Chikubushima Island and Hogonji Temple

Sitting in the elegant blue waters on the north side of Lake Biwa is the tiny island of Chikubushima.  Long considered a sacred site, the small 2km wide island is home to a prominent Buddhist temple and a Shinto shrine. Hongonji Temple is part of the Saigoku Kannon Pilgrimage, and Tsukubusama Shrine is dedicated to several gods, including the god who rules the waters of Lake Biwa. 


Chikubushima Island

For over 1,000 years, Chikubishima Island has been a place of mystery and spiritual power. The coexistence of Hogonji Temple and Tsukubusama Shrine is also indicative of the unique relationship the two religions have had in Japan. Since the Meiji Restoration set a clear division between these two faiths, this island serves as a reminder of how the ancient Japanese perceived these religions.


Getting to Chikubuhshima Island

The only way to get to Chikubuhshima Island is to set sail!  Regular ferry service is available from Nagahama, Hikone, and Omi-Imazu, but of those three, Nagahama is the most accessible. Not to mention, there are several attractions in Nagahama that visitors can enjoy, such as Nagahama Castle and a traditional-style shopping street. 

The fare to the island costs roughly 3,000 yen, plus an additional 600 yen entrance fee to visit the religious site of the island. The ferry makes round trips every 90 minutes, which is a reasonable amount of time to spend enjoying the sites. Of course, feel free to slow down and take everything in. 

Chikubushima Island of Lake Biwa
Chikubushima Island
Chikubushima Port on Chikubushima Island
Chikubushima Port


Hongonji Temple

Hogonji, 165 freights of steep stairs lead to the Benten-do, which enshrines the Buddhist deity of eloquence, Benzaiten. The Bentendo is, in essence, the Hondo, or main hall, of Hogonji Temple. 

Originally built by Gyoki by the order of Emperor Shomu in the 8th century, the temple is one of the three “big” Benzaiten temples in Japan, along with the temples on Enoshima and Miyajima (Hiroshima). 

At Hongonji, the kanji for Benzaiten is [弁才天]. Benzaiten, or simply, Benten, is often worshiped as a goddess of art and sometimes fortune too, as the kanji can also be written as [弁財天] of which the [財] means fortune. 

Long stairs!
Benten-do of Hongonji Temple on Chikubushima Island
Benten-do. Restored in 1924.
Benzaiten Daruma
Benzaiten Daruma. Benzaiten always carries a biwa (Japanese lute)
Put the daruma in the hondo with the paper of your wishes.


Chikubushima Island’s Karamon Gate

Of of the most famous attractions in Chikubushima is the Karamon Gate.  This beautiful gate dates to the late 16th century and is adorned with elaborate painted carvings.

Once the Gokurakumon Gate of Toyokuni Shrine in Kyoto, this gate is the only surviving piece of Toyotomi Hideyoshi’s Osaka Castle.  After Hideyoshi’s death, Ieyasu Tokugawa practically destroyed every shred of the original Osaka Castle. As such, this gate is registered as a Japan National Treasure.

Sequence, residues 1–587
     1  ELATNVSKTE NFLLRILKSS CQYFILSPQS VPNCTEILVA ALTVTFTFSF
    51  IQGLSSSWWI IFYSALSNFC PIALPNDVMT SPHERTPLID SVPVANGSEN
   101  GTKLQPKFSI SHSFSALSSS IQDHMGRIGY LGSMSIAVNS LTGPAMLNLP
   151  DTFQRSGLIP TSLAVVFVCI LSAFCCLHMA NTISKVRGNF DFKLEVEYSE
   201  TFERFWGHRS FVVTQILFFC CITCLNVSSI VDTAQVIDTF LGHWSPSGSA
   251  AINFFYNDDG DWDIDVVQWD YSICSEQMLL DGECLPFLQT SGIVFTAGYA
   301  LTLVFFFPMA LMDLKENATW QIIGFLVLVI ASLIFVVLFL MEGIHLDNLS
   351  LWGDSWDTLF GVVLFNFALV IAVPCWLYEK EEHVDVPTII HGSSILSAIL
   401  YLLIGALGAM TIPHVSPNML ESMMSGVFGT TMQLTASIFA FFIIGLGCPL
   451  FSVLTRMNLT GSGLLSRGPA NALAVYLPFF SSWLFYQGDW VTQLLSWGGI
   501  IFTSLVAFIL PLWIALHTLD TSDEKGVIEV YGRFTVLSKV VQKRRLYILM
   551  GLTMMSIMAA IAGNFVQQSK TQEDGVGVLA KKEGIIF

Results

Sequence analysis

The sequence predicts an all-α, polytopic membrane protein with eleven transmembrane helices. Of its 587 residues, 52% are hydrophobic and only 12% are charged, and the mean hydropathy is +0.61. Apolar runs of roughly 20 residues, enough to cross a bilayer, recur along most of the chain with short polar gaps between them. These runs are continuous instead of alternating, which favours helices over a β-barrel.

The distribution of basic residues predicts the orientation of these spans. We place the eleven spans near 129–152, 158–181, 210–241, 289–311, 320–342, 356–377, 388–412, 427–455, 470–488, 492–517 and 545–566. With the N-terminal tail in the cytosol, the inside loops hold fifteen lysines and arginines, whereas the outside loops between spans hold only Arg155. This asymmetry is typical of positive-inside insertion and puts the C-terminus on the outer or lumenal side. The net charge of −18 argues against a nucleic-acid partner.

Today, the gate connects to the Kannon-do, which enshrines the Kannon of the Saigoku Pilgrimage.  

Karamon Gate on Chikubushima Island
Karamon gate. It is amazing that this gate came all the way from Osaka.
Long corridor (funa roka) from Tomon gate


Tsukubusuma Shrine

After passing through the Karamon Gate, and down the long boat corridor, is Tsukubusuma Shrine. If you think that it is hard to distinguish the shrine from the temple here, you are not far off! Until the Meiji Period, Tsukubusuma Shrine went by the name Benzaiten Shrine. As such, there was nearly no distinction between the shrine and the temple for a large part of the island’s history.

Japan has long combined deities from these two faiths to such a degree that the ancient Japanese often recognized two different gods as the same. Case and point, the Shinto god Ugajin in the form of a snake is coiled around the head of the statue of Benzaiten at Hongonji Temple!

The honden of Tsukubusuma Shrine is also a historic treasure. It was built around the Momoyama Period and is also designated as a Japan National Treasure. It seems that the honden contains ancient carvings, but they are usually not open for public viewing. 

Tsukubsuma Shrine on Chikubushima Island
Tsukubsuma Shrine. Remember, this is a shrine, not a temple, meaning you should bow twice, and then clap twice when you pray.


View of Lake Biwa

From Tsukubsuma Shrine, you can enjoy a panoramic view of Lake Biwa. The lake is huge, and because this is the north side where there is less boating, the water is much clearer.  On a sunny day, you probably can see as far as Mt. Ibuki, the biggest mountain in Shiga Prefecture. 

You can also try your luck at kawarake-nage from the veranda of the shrine. Purchase two clay dishes (kawarake) at the entrance of the island. Write down your wish on one dish and your name on another. Then do your best to throw (nage) both of them through the Miyazaki Torii of the shrine. If. you can accomplish this feat, your wish will soon come to pass!

View of Lake Biwak from Tsukubsuma Temple on Chikushima Island
Lake Biwa is breathtaking!



Hayazakicho Chikubujima, Nagahama City, Shiga





Getting To

30 minutes from Nagahama, Hikone, or Omi-Imazu by ferry

Price varies, but it takes roughly 3000 yen for roundtrip





600 yen





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